Just as the media are on the hunt for senior Tories meeting people they shouldn’t be meeting, look who pops up in the White Swan:
Chin up boys.
From Stanley Fink, Treasurer of The Conservative Party
I thought that it would be appropriate for me to write to you in light of the events of the last few days.
In the first place, to let you know that Peter Cruddas has resigned as Treasurer of the Party and that I have agreed to return to that role. I will serve alongside my Co-Treasurer Michael Farmer. As you will be aware, I stepped down from this post three weeks ago and Peter Cruddas took up the post.
I can categorically state that since I became the co-Treasurer of the Party in 2008, there has been absolutely no question of donors to the Party being able to use their donations to influence policy or to gain improper or special access to senior politicians.
Peter Cruddas’ comments as recorded by the Sunday Times are in my view entirely without basis in fact and the approach to fundraising they imply is wholly improper. It is not possible in any way to buy privileged access to Ministers or to send policy suggestions to the No10 Policy unit by virtue of becoming a donor to the Party.
The Treasurers’ team have in my experience conducted themselves professionally and entirely properly at all times and have been extremely careful to observe the requirements of electoral law. I have been proud to serve as part of this team and I am very happy to return to this role.
This morning the Prime Minister announced a series of steps to reassure the public that the way in which the Conservative Party conducts its fundraising is entirely proper.
First, he has ordered a full enquiry into political fundraising by the Party. This will be led by the Conservative peer Lord Gold, a distinguished lawyer and a former senior partner at Herbert Smith.
Secondly, there has been much speculation about dinners with financial supporters in the Prime Minister’s flat in Downing Street. The Prime Minister has given full disclosure as to the attendees of these dinners.
None of these dinners were fund raising dinners, and none of these dinners were paid for by the taxpayer. The Prime Minister has known most of those attending for many years.
Let me add that Peter Cruddas never recommended anyone to go to dinner in the flat; nor has he been to dinner there himself.
Thirdly, from now on, the Conservative Party will publish details every quarter of any meals attended by any major donors, whether they take place at Downing Street, Chequers or any official residence.
Fourthly, from now on, the Conservative Party will, in addition, publish the names of attendees at major donor club dinners.
Finally, the Prime Minister has given his assurance that no one in the No 10 Policy Unit has met anyone at Peter Cruddas’s request. However, to avoid any perception of undue influence, from now on we will put in place new procedures in which, if any Ministerial contact with a party donor prompts a request for policy advice, the Minister will refer this to his or her Private Office who can seek guidance from the Permanent Secretary.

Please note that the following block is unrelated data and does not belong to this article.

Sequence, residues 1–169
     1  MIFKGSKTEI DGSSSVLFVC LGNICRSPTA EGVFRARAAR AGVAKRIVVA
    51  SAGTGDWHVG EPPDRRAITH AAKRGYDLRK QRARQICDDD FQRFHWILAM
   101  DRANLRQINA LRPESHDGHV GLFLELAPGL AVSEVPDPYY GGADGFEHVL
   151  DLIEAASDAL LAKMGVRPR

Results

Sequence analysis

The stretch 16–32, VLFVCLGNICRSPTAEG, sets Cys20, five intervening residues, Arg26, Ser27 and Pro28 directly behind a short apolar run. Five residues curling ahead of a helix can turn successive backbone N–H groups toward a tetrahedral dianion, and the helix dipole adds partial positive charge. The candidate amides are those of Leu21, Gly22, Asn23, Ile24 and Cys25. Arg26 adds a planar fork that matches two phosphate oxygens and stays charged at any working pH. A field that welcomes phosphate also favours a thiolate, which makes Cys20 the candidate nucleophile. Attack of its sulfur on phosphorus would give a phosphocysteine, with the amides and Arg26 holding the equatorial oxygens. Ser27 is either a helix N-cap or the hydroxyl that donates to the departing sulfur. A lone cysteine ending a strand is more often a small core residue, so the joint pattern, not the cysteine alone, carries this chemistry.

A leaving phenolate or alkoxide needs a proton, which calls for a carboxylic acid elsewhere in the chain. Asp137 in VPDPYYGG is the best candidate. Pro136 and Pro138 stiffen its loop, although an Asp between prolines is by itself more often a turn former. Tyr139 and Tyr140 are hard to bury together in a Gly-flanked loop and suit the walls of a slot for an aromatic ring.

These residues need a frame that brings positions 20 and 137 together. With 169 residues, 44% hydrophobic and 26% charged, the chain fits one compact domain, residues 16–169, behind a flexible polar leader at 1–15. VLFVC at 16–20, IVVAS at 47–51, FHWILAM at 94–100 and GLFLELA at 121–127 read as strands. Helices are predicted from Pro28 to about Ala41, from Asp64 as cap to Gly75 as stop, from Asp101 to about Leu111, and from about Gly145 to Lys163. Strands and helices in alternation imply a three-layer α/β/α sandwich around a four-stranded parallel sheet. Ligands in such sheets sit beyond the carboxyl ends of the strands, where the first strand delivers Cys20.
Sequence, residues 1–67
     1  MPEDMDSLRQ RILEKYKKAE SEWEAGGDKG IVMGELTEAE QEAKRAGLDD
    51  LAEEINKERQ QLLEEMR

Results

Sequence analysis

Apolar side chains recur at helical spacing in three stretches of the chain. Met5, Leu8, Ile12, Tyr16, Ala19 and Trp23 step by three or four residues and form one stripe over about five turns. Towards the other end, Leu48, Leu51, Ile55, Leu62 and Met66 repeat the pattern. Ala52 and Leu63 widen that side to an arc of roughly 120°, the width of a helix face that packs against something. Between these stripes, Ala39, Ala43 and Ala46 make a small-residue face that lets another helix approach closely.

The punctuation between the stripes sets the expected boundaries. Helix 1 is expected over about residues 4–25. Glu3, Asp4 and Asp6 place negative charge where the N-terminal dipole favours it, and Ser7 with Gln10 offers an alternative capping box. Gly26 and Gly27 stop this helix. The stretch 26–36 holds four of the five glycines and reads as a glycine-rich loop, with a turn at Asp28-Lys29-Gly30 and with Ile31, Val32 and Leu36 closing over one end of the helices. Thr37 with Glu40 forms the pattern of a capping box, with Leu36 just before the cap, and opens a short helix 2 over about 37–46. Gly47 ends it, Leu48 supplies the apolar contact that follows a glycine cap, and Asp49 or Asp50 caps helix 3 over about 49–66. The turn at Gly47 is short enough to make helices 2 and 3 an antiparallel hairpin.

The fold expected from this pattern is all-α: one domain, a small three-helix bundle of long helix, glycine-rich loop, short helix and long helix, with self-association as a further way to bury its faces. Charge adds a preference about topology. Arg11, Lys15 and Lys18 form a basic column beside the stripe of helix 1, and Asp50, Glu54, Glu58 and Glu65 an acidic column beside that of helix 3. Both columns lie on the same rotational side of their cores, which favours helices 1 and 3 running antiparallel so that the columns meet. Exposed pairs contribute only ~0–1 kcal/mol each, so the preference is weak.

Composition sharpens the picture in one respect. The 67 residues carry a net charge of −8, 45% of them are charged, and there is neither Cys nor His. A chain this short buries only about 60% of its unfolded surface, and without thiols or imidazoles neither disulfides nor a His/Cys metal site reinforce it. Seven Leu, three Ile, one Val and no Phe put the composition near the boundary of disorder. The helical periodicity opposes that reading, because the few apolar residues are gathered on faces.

All of these seem to me to be sensible steps to remove any appearance of impropriety around political fundraising. In my view there has not, under my watch, been any actual impropriety, but the events of the weekend will have raised doubts in the mind of the public which need to be addressed.
I would also like to point out that the Prime Minister has sought to reopen a dialogue with the other political parties on political fundraising and has asked Francis Maude and Andrew Feldman to lead those negotiations.
I believe that, as a team, we have acted swiftly and effectively to deal with an extremely serious situation that we only became aware of late on Saturday night.
I would like to thank you very much for your support of the Party, to apologise profusely for the embarrassment and reputational damage caused by the Peter Cruddas incident and to assure you that the Treasurers’ team will continue to conduct itself in a way that is both within the letter and the spirit of electoral law with an emphasis on transparency and ethical conduct.
With best wishes
After a heavy newsflow today, just time to draw your attention to Prescott and the Chinese plus a bit of Osborne’s personal tax avoidance. Don’t miss what was on the note passed to Ed in the Budget, the much missed David Davis and Bercow being put in his place.
Guido is now a seven day operation so you could have had all this yesterday, if only you had bought the Daily Star Sunday…
Yesterday’s jam packed column is here.
A Tory backbencher dryly texts:
“Good old Murdoch, always pulls something out of the bag to distract from a bad budget.”
CCHQ Staffer: Knock, knock…
GF: Who’s there?
GF: Sarah who?
CCHQ: Yeah, exactly.
Nothing like a bit of gallows humour, but the more information that emerges, the more this looks like an accident waiting to happen…
Reportedly on the verge of being sacked for incompetence as a coordinator in 2007, Southern mysteriously quit on the day she was due to meet HR and senior staff. Conveniently Lord Ashcroft immediately gave her a job working for the International Young Democrat Union, which he was bankrolling at the time. This was during the height of his empire in CCHQ which included multiple desk spaces and his own glass office. Southern stayed around CCHQ reporting to Ashcroft until 2009 when everyone seemed to have forgotten about the whole mystery non-sacking. She then joined the events team though Guido has been unable to stand up her claims that she went shopping with Sam Cam on election day. CCHQ Op-Notes from the time suggest she was the logistics contact for a Cameron speech in Carlisle the day before…